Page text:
3 May 2021

MBA warns new accessibility rules will add to home costs

| Ian Bushnell
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Mobility issues

The new standards will make it easier for people with mobility issues but will come at a cost. Photo: File.

Minimum accessibility standards in Canberra’s new homes will mean higher building costs that will have to be passed on to the consumer, industry has warned. They’re calling for a lengthy transition to the new rules.

The building industry response comes after Friday’s Building Minister’s meeting agreed to include minimum accessibility provisions for residential housing and apartments in the National Construction Code (NCC) next year, based on the Livable Housing Design Guidelines (LHDG) silver standards.

The seven core design elements in the LHA Silver Level are:

  1. A safe continuous and step-free path of travel from the street entrance and/or parking area to a dwelling entrance that is level.
  2. At least one, level (step-free) entrance into the dwelling.
  3. Internal doors and corridors that facilitate comfortable and unimpeded movement between spaces.
  4. A toilet on the ground (or entry) level that provides easy access.
  5. A bathroom that contains a hobless shower recess.
  6. Reinforced walls around the toilet, shower and bath to support the safe installation of grabrails at a later date.
  7. Stairways are designed to reduce the likelihood of injury and also enable future adaptation.
The ACT Government backed the adoption of the standards, and Minister for Sustainable Building and Construction Rebecca Vassarotti said afterwards the outcome was a win for the community, although it will be up to individual jurisdictions whether they implement them.

She said the ACT would adopt all seven of the standards that would become part of the NCC in 2022. The government would consult with industry stakeholders and others locally about a transition timeframe.

“Modest but significant changes will mean housing built in the future will better meet needs. This is important not only for people with disabilities, mobility issues, or who are ageing. This reform is for all of us,” she said.

But Master Builders ACT CEO Michael Hopkins said the decision would significantly impact the design and cost of new homes.

“It really comes down to balancing the need to provide housing to suit accessible housing requirements and the cost to meet the design and construction standards. That’s why it’s important the Minister consults closely with industry to make sure we get that balance right,” he said.

Rebecca Vassarotti

Rebecca Vassarotti said the voluntary approach to accessible housing had failed. Photo: Dominic Giannini.

Ms Vassarotti said estimates suggest construction costs would rise by less than 1 per cent, but these are likely to reduce over time as the industry adjusts to the changes.

She said there was a dire shortage of accessible housing, including rental properties, and it was much cheaper to introduce these features during the build rather than retrofitting later.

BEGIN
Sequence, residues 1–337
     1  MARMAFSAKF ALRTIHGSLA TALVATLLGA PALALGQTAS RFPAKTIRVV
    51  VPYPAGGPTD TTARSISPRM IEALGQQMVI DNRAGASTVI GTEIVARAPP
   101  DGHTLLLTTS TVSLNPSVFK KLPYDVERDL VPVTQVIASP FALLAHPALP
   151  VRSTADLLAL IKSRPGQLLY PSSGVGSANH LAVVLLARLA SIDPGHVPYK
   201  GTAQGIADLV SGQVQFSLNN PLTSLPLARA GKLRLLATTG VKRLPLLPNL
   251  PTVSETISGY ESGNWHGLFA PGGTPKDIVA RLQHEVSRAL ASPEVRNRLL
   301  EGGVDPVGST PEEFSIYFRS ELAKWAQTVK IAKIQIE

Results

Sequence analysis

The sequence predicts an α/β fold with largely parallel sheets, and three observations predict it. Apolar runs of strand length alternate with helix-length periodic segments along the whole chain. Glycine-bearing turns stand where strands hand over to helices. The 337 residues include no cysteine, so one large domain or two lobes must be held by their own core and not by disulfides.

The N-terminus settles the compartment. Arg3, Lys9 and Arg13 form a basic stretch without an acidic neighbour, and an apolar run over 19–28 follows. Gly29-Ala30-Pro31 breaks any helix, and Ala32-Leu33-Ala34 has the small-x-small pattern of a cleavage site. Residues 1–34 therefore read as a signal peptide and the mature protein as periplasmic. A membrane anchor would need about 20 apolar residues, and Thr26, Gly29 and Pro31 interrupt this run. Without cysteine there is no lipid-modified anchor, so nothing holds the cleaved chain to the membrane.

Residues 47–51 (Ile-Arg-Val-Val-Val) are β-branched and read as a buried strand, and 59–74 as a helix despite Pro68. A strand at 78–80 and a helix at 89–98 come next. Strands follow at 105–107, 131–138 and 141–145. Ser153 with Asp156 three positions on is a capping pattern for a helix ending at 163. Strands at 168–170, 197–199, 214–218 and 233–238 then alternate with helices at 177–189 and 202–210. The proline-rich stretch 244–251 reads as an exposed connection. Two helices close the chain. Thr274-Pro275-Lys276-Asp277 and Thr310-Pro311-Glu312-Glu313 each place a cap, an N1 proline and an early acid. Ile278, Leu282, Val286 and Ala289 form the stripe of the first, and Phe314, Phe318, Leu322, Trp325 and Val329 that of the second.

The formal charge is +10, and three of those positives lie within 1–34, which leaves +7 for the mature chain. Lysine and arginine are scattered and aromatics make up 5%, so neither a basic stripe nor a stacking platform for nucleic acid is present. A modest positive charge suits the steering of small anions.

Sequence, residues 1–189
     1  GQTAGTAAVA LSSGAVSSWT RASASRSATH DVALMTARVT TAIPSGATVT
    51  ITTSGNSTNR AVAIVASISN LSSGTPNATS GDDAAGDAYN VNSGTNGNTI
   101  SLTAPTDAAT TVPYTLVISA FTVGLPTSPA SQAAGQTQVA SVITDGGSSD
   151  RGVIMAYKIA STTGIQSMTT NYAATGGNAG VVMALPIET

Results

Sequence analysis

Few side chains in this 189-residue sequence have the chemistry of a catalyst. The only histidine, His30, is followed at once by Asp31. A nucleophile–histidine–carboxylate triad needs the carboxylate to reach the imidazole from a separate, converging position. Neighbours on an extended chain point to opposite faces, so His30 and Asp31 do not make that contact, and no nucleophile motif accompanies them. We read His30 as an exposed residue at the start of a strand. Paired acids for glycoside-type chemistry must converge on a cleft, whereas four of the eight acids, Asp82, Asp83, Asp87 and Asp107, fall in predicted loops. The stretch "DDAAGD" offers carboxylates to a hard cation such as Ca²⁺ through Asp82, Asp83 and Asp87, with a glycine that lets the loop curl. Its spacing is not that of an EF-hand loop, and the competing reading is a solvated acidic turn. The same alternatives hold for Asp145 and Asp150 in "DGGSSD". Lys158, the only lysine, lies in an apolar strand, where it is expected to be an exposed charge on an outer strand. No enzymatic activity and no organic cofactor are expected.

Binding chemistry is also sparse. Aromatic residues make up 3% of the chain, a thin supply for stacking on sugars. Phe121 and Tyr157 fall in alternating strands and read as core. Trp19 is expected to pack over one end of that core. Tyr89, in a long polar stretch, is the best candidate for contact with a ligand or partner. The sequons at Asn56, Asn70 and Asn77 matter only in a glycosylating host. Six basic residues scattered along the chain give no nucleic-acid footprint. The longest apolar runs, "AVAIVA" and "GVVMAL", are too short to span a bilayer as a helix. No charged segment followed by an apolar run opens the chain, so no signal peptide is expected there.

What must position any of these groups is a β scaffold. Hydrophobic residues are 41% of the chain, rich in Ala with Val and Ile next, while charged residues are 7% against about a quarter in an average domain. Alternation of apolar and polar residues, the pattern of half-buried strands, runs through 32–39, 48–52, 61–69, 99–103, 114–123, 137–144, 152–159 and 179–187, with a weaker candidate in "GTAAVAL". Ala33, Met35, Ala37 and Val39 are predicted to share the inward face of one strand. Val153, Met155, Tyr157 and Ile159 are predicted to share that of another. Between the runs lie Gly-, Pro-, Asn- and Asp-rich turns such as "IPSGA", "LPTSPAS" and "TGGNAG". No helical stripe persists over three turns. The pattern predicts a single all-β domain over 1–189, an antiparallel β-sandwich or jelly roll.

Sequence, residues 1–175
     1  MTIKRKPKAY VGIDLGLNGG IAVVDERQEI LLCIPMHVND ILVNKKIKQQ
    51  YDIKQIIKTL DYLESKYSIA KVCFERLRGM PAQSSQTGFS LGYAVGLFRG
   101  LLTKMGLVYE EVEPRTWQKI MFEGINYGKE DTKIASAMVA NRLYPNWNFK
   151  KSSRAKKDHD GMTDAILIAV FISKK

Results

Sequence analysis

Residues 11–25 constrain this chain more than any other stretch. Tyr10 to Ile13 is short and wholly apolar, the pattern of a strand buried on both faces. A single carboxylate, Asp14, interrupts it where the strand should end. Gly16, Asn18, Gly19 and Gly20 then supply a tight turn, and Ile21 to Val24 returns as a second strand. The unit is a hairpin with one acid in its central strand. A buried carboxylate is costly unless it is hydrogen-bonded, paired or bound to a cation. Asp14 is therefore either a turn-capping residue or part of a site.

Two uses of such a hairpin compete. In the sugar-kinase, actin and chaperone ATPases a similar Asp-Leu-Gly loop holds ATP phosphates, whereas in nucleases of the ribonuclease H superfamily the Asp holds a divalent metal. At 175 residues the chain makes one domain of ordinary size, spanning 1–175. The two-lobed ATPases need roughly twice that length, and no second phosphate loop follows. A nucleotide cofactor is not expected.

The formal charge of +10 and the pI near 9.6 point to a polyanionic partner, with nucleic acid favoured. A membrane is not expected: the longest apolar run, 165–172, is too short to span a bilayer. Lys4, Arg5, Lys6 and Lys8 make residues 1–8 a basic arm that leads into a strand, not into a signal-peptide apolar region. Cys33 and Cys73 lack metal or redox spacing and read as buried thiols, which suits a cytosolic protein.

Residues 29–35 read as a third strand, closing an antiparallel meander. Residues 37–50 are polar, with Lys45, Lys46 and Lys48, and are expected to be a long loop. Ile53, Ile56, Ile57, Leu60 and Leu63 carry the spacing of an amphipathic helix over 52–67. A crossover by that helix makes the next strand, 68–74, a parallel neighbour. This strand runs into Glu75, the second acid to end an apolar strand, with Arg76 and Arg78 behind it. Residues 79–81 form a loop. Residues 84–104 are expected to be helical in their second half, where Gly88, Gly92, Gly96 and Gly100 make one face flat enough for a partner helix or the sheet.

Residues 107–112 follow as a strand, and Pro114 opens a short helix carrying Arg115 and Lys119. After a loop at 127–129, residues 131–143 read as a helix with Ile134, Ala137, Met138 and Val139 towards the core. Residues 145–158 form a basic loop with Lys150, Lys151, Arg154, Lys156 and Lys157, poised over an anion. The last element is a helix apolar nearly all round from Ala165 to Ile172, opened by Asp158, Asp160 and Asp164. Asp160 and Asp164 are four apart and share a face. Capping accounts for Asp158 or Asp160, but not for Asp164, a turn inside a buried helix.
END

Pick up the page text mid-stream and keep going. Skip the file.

“When people talk about building their dream home, we want to make sure that 30, 40, 50 years into the future, as they age or encounter a mobility issue, their house can remain their dream home,” Ms Vassarotti said.

Mr Hopkins said the MBA would have preferred the focus to have been on increasing the voluntary uptake of the guidelines, better funding of Liveable Housing Australia, and more training of industry members.

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Ms Vassarotti argued that a voluntary approach had failed, but Mr Hopkins said properties had been built in the ACT according to the guidelines and the MBA had even conducted training sessions for its members, something it will again have to roll out so builders were across the new rules.

He said it was unfortunate that there was not an easily found list of locally built properties that potential buyers could access.

At least the Ministers had tackled the issue in a nationally consistent way meaning there was one set of guidelines, he said, something the government also supported.

“The MBA hopes that the ACT Government will consult in detail with the building industry on how the standards will be implemented in the ACT,” Mr Hopkins said. “This will require a lengthy transition plan and extensive exemption criteria.”

Mr Hopkins said there would be challenges to incorporate the new rules, particularly on steep slopes where a level path without steps from the street or car park will be difficult to construct.

He said the changes could be implemented together with the review of the ACT planning system to facilitate more housing in established suburbs.

“If planning rules are modified to allow redevelopment of existing housing stock in established areas, new low-rise, higher density housing could incorporate accessibility standards and provide a viable housing option for elderly Canberrans to age-in-place,” he said.

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And of course rent will also increase

So a $700,000 home would go up by 1 percent or $7,000. Lets see ACT govt. give a stamp duty discount for that much. It is after all just 1%. Or is it different when the cost is carried by someone else.

MBA always banging on about how it will cost more and the sky will fall in. It is abundantly clear that we need this in the NCC just like requirements for handrails, smoke detectors. Self regulation is never going to work. I am sure a house built just 2m2 less would pay for the extra cost or maybe one oven instead of two!

ChrisinTurner1:57 pm 04 May 21

Does this mean the end of 3-storey walk-up apartments?

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